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That screeching environmentalist

Published:Sunday | March 2, 2014 | 12:00 AM

Ronald Mason

A little bit of knowledge is a dangerous thing. My opinion is that it is better to be aware of your knowledge limitations and possess the capacity to go and find the relevant information than to pontificate on every thing as if your knickers are in a wad, and to ease the discomfort, you must speak.

There is this lady who knows everything about every topic who has no reservation about spouting off. As the holder of a management undergraduate degree, a chartered insurance designation, public administrator degree with environmental subject courses, she thinks that makes her an unchallenged expert on all science.

Let me place on the record that I do not claim to know it all, but thank God for Central Branch Primary, Wolmer's Boys' School, Howard University, Morgan State University and a Doctor of Laws from Emory University School of Law, I was taught how to look for answers to that which you claim no expertise. All that exposure to learning institutions affords one the ability to know that I know not, but to go find out.

Good lady, reread my column and do so in the context of my having been trained in economic development to the postgraduate level. Look at the source I quoted from. Read, lady. You continue to screech on every topic, from go-kart racing to science. Do we have in our midst a reincarnation of Einstein?

An illustration of the extent of the poverty that pervades this country was forcefully brought home to me on a morning drive recently. The temperature was cool at 6:30 a.m. and my window on the driver's side down. In a three-mile (sorry, 4.82803 kilometres for my friend who knows it all; I researched the conversion table) journey, I stopped in traffic and was approached five times by persons seeking alms (that is begging, for my friend who knows it all). My recollection is that even in this, my hometown, that's a lot of beggars. Those to the manner born want to keep the surroundings pristine.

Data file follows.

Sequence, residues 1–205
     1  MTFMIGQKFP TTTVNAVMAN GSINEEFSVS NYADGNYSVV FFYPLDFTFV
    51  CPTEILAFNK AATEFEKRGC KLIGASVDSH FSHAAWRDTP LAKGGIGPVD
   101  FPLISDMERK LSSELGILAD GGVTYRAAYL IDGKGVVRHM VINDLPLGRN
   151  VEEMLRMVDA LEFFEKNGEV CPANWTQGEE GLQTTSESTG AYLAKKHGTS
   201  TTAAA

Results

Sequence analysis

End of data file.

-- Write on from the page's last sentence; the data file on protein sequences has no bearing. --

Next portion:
Rampant poverty

Poverty stalks this land. We have an obligation to see to its reduction. All of us, except some privileged ones, will continue to share this geographic space and we do not need to pursue these airy-fairy unproven technology that even the true 'experts' differ as to their applicability.

Let me suggest that the footprint be minimised at each stage of the implementation of the Goat Islands hub composite entities. Let us do what we can within the budgetary restraints, time and competitive strictures. We have a people to consider. A nation to build. That MUST take precedence over the iguana, which is not unique to Jamaica. I will probably be told that the Jamaican iguana has some distinctive features such as a particular pigmentation shading which is of greater value to mankind than a job and a chance out of debilitating poverty. Probably, this learned lady has never encountered poverty up close and personal. It does not reside on her street.

Let me relate why this has so much resonance with me. Years ago, after the last dredging of the Kingston Harbour, someone who had been employed in the process made contact with me, I having contact with west Kingston and knowing persons there. He had a minuscule refund from the Income Tax Department due to him. He had made numerous trips seeking to retrieve this minuscule refund, only to be repeatedly told that the amount was too small to be processed and would be added to his tax at the next filing he would submit. He was then unemployed with no future prospects of employment that would provide him taxable income.

All my efforts were met with obstacles until the courts were about to be brought into the matter. On receipt of his 'cheque', he invited me to his home to show me what that minuscule refund was to allow for his family. It allowed him to go to the 'crackers' bakery on Spanish Town Road, purchase crackers in bulk, sugar from the wholesale and hustle some lines.

The scene when we got to his 'home' brought me to tears. Zinc sheets tattered and rusty, here pans filled with dirt for bedposts, pallet boards nailed for bed frame and bags stuffed with grass for mattress. Dirt floor.

No options

That man, lady who knows it all, did not have room to ponder on the beauty of iguanas, frogs and galliwasps in pristine natural habitats. He did not have the option to seek serenity away from the noise pollution and the beauty interrupted by the go-karts. He had no property values to be diminished. He had no options for the job in tourism to fetch for others.

What he has is a stake in this country. He also has expectations that our leaders will reserve a place for him at the table when decisions impacting the lives of he and his family are to be made. He has indicated his willingness to work, having been employed where he was earning enough to be taxed. Consider him as much as you do the iguana et al. This country needs him to be productive and a contributing consumer, not another prime candidate for the 'shotta' fraternity. Some iguana, fish at Pear Tree Bottom, noise in Upper St Andrew must compete in the economic development space. Here I go again, but postgraduate economic training will do that to me. I see a role for science and the contribution of experts. This role is to be complementary and work in coordination with national economic development objectives.

Do not continue to devalue people, my good lady. That man needs a stake in this country. Poverty, my good lady, is the greatest threat to the environment.

Ronald Mason is an immigration attorney, mediator, and talk-show host. Email feedback to and